The Power Of Telling Yourself The Reverse Story
"Convince somebody of something we're pretty good at telling ourselves a story that supports our position now, some better than others at communicating that story. But if we don't at least I convince ourselves of that story and it's pretty hard for us to even take a position at all. But I think it's equally important for us to be able to tell the reverse story and a few reasons for that. Firstly, it helps give you a position of empathy towards the other point of view towards the other person's position. Secondly, it can actually help strengthen your own arguments and essentially anticipate and then be able to counter. pushbacks against your position against your story against your point of view. And thirdly, and maybe more importantly, you might just find in doing that that the story you've been telling yourself previously was maybe not that convincing at all and I think way too often we're very good at basically dishonest. This is the direction we want to go. Now let's craft a story that supports that rather than looking at different stories analyzing those different stories from points of view from different positions and then deciding on a direction to go. And I reckon the value in the power of telling yourself the reverse story. Is Pretty. Compelling. Already
How to Automate Everything
"Over the years the accelerate your business growth podcast has gained recognition as a great resource for small business owners, sales, professionals, business leaders, and this is because of the guests these are folks with expertise in particular areas of business and they join me to share that expertise with all of you. Today is no different. My guest is Dan more after brief stints in enterprise and midmarket data center service providers. Dan co-founded vaporware to help entrepreneurs take their software ideas to market. Over the past six years, he's helped vaporware deliver thousands of iterations across dozens of APPs in four remain industries which are healthcare. HR Real Estate Nit. Ranging from the first. MVP. Versions to modern iterations on mature solutions. Thanks so much for joining me today Damn. Thanks for having me Dan. Absolutely so so Dan we're going to be talking about. Automating and and software and. I'm wondering if you would share with the listeners, your thoughts on Investing in custom software like Shit should we? Like build around. Should we just buy off the shelf? What? What are your thoughts? A great question one when we get a lot I think from the perspective of a business owner any new project or investment comes with a lot of risk, and so we evaluate each of those scenarios based on how much risk, what kind of risk tolerance of heads and so there's a there's a process of a leadership called thinking bets that if you don't know. All the facts. And want to make some kind of educated guess. How? How do you work through that process? In. So aligning those risks to what the business wants. Typically comes out. With a clear answer on the buy versus build spectrum in it's not just related to dollars. It's also related to outcomes that they're looking to achieve. So there's plenty of software off the shelf today, but if you're looking for a competitive edge or if your business is very unique in different ways and doesn't match up with Common practices than. Those are are some good opportunities for custom software.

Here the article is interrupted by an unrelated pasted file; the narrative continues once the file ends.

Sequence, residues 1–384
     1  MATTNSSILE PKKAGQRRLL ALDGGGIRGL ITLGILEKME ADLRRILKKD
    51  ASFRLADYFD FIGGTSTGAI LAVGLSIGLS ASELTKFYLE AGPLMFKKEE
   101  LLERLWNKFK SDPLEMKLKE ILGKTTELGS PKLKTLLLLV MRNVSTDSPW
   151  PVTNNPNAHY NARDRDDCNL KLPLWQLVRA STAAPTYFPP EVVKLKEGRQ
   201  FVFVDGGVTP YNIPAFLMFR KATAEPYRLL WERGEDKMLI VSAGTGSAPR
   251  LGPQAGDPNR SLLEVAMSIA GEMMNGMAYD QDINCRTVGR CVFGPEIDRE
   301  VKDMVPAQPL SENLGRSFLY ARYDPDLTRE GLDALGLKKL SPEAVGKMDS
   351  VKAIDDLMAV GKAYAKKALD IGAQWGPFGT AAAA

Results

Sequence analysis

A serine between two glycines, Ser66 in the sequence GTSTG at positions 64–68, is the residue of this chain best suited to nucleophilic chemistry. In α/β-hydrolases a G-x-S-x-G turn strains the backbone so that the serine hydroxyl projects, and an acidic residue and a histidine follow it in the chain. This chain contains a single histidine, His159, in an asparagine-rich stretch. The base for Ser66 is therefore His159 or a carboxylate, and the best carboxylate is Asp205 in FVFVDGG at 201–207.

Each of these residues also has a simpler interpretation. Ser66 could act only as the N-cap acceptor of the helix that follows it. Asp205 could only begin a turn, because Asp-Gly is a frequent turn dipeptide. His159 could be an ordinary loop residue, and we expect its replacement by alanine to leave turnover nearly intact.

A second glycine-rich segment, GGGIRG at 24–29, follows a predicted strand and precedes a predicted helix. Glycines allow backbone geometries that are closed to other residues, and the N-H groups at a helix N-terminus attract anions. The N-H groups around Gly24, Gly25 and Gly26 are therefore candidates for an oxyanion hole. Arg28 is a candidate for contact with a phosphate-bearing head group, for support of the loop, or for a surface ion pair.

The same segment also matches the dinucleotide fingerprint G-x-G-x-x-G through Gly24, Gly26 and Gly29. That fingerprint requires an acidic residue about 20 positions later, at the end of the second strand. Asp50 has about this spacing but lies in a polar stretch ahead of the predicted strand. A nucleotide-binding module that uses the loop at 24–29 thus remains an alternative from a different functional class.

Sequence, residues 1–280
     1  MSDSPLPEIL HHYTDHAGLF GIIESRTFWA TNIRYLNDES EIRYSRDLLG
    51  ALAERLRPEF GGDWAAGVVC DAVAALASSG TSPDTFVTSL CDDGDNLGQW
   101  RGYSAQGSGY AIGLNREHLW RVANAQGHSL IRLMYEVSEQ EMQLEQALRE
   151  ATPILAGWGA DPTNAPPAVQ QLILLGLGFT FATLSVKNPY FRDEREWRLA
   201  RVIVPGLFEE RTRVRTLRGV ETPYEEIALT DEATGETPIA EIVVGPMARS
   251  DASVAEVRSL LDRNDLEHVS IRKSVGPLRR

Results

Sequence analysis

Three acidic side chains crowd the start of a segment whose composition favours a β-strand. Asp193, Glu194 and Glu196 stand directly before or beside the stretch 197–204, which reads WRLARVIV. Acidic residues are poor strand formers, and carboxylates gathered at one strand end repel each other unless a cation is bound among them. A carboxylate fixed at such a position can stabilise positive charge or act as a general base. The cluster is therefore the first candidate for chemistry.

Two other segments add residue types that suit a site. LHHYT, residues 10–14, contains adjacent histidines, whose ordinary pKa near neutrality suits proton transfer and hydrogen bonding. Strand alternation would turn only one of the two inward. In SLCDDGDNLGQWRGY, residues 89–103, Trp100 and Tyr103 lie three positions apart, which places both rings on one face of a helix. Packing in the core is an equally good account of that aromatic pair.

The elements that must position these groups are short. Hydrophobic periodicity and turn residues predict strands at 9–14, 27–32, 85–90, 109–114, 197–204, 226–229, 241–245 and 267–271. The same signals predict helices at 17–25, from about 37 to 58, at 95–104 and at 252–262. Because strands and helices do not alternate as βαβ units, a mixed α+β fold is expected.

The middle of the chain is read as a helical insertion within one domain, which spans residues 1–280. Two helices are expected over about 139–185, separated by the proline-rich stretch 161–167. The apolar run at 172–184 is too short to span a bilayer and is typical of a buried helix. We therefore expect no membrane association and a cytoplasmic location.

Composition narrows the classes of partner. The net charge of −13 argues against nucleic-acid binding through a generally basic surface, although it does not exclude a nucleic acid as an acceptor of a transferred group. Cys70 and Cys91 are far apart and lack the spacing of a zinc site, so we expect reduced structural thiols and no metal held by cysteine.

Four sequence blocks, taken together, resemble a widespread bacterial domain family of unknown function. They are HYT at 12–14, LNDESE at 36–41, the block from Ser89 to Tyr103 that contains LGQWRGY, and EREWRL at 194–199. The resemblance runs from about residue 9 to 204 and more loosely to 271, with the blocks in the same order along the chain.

Thai Airways New Restaurant Pop-Up In Bangkok Is Booming
"Food possibly the most maligned element of the travel experience nobody likes airline food is certainly don't like it. But apparently, in Bangkok, they do because Thai Airways have just taken one of the office cafeterias in Bangkok and converted it into a pop up restaurant and they figured it out with airline seats. Even if fourteen airline seats, they've made it look like the interior of an airplane including the airline seats, the staff of walking around and cabin crew uniforms and I think it's brilliant on a number of different levels. First of all, let's get rid of the old stock, the the food stock on hand second, they get to generate revenue third they get a great pr story out of it like we're talking about Diane's bring covered extensively around the world in various news outlets. Where we three four it's a positive story. It's not a negative story which we normally associated with the airlines and five and six. There's going to be six five I. think it's a potentially good market research tool. You could actually use it to start getting customer feedback on different types of food and different varieties of food different menus, a food, and the six one I think is at shows tire ways to be a bit fun a bit quirky, even innovative. And all of those things I think lead to a very, very positive brand image coming out of this temporary pop up. So I
How can I increase traffic to my tarot reading website?